(1) The balance of biological life. . . the circle of energy that is needed for you to exist in what you call "nature."

(2) To be harvested. Yes, it's true. Many exist for your sustenance, and this is appropriate. It is a harmony between Human and animal, and always has. Remember the buffalo that willingly came into the indigenous tribes to be sacrificed when called? These are stories that you should examine again. The inappropriateness of today's culture is how these precious creatures are treated. Did you know that if there was an honoring ceremony at their death, they would nourish you better? Did you know that there is ceremony that could benefit all of humanity in this way. Perhaps it's time you saw it.

(3) To be loved and to love. For many cultures, animals serve as surrogate children, loved and taken care of. It gives Humans a chance to show compassion when they need it, and to have unconditional love when they need it. This is extremely important to many, and provides balance and centering for many.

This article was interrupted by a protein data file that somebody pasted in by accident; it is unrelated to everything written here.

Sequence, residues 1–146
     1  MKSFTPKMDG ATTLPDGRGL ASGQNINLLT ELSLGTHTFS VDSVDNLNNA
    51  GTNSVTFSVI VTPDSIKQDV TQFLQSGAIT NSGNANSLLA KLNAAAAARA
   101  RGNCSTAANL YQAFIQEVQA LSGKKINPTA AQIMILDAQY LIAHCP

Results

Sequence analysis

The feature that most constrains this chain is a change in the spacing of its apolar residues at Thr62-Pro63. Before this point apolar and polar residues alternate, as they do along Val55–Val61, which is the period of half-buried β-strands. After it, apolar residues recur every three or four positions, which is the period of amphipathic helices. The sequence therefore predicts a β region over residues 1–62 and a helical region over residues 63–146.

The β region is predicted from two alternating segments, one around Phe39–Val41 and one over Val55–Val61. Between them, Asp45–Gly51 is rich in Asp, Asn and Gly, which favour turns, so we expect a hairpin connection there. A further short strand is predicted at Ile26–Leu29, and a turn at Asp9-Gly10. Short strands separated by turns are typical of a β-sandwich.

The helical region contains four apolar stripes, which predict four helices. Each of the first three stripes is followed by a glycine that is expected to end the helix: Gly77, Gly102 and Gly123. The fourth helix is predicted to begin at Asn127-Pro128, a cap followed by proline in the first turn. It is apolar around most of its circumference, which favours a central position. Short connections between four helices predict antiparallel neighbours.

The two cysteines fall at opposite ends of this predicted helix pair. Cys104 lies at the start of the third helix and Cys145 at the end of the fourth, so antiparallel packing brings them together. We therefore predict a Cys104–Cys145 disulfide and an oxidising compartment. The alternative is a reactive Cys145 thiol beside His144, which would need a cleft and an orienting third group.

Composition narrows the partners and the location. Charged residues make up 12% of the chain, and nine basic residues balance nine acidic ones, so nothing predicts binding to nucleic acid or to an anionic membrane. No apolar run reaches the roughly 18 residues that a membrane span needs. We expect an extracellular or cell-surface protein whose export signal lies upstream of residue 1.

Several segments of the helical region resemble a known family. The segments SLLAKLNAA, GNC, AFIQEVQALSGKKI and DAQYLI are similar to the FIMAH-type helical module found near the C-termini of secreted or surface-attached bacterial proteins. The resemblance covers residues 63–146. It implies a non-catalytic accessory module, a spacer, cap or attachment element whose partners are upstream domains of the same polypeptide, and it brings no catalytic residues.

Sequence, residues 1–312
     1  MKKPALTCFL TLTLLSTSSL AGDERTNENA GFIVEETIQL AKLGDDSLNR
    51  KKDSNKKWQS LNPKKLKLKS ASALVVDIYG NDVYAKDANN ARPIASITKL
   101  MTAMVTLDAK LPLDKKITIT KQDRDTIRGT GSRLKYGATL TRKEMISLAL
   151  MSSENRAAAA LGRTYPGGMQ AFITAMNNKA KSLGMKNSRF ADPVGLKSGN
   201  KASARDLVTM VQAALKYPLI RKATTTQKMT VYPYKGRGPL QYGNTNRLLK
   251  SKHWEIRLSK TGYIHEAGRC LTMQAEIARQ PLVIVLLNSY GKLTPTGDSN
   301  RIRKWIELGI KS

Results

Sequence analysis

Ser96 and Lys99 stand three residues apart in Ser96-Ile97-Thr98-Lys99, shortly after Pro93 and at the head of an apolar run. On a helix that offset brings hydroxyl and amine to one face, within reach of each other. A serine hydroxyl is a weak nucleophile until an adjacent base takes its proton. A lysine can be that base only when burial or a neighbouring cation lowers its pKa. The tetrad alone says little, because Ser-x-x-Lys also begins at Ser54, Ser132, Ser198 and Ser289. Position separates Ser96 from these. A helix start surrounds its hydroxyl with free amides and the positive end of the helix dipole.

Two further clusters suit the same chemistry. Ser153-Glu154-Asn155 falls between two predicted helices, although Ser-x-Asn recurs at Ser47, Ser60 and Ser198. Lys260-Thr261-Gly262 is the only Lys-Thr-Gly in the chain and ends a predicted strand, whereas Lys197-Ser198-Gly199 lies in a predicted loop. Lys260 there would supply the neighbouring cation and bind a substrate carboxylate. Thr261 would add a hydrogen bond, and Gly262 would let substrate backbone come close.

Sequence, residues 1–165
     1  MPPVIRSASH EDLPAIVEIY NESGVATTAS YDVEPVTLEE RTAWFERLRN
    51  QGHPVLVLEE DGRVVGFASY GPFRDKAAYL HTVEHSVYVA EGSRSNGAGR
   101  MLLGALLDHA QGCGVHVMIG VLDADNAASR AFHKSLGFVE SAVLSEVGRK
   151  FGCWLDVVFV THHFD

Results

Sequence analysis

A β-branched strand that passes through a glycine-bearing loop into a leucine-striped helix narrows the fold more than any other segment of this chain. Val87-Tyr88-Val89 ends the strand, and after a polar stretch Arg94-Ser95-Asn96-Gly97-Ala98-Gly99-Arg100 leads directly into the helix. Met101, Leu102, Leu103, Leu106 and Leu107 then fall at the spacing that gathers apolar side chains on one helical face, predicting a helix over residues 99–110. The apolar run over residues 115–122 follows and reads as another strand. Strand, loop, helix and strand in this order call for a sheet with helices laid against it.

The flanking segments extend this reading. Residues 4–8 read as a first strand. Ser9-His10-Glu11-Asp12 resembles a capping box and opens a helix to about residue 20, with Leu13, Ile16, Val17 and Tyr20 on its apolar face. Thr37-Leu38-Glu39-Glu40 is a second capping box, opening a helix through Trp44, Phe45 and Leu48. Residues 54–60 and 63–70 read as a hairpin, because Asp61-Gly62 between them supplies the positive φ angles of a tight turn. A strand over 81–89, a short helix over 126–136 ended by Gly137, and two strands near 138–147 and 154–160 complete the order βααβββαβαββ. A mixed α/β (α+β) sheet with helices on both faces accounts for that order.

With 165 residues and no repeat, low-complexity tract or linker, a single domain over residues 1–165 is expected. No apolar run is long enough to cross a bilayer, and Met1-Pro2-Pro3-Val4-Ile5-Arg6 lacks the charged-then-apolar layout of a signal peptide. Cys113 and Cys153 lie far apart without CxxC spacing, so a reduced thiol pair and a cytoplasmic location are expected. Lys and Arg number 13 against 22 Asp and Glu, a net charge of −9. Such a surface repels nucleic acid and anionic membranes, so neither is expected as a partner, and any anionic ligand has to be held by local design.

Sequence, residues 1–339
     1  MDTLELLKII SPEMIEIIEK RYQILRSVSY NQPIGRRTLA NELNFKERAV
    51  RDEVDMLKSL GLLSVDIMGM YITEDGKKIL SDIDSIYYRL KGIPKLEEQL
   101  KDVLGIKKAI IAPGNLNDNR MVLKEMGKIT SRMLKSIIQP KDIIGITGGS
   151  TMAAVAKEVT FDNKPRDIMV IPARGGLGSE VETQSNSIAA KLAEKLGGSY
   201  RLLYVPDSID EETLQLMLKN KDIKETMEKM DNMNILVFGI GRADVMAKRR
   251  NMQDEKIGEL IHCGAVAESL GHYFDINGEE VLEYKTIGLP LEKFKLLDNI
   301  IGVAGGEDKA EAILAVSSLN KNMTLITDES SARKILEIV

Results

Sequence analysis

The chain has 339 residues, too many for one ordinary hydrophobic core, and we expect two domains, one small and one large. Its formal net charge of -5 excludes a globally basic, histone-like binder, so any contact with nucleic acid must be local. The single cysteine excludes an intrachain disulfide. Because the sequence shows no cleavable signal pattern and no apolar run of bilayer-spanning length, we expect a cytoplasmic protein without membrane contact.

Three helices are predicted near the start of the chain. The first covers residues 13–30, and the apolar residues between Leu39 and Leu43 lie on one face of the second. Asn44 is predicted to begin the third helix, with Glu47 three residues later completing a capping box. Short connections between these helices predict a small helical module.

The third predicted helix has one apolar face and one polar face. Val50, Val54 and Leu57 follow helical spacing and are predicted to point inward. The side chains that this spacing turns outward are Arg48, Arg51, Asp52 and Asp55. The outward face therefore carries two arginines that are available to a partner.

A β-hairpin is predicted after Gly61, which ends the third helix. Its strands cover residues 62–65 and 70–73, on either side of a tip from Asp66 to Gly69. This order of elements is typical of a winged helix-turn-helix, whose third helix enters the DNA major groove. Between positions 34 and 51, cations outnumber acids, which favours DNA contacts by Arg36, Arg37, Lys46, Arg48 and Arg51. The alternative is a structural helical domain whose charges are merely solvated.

Do animals know all this? At a basic level, they do. Not in the way you "know," but in a cellular awareness they understand that they are here in service to planet earth. If you honor them in all three instances, then balance will be the result. Your feelings about their treatment is important. Temper your reactions with the spiritual logic of their appropriateness and their service to humanity. Honor them in all three cases.

Dian Fossey's birthday celebrated with a Google doodle

Dian Fossey's birthday celebrated with a Google doodle
American zoologist played by Sigourney Weaver in the film Gorillas in the Mist would have been 82 on Thursday (16 January 2014)

Wednesday, June 22, 2022

VIDEO: 🇯🇵 Modern phoenix: Bird brought back from extinction in Japan

 


Wednesday, June 8, 2022

VIDEO: Visitors to a Swiss zoo catch a glimpse of a rare albino Galapagos giant tortoise born in May

 


Tuesday, April 26, 2022

Three critically endangered Sumatran tigers killed in Indonesia

France24 – AFP, 25 April 2022 

Two of the tigers were found at a single location near the village of Sri Mulya, with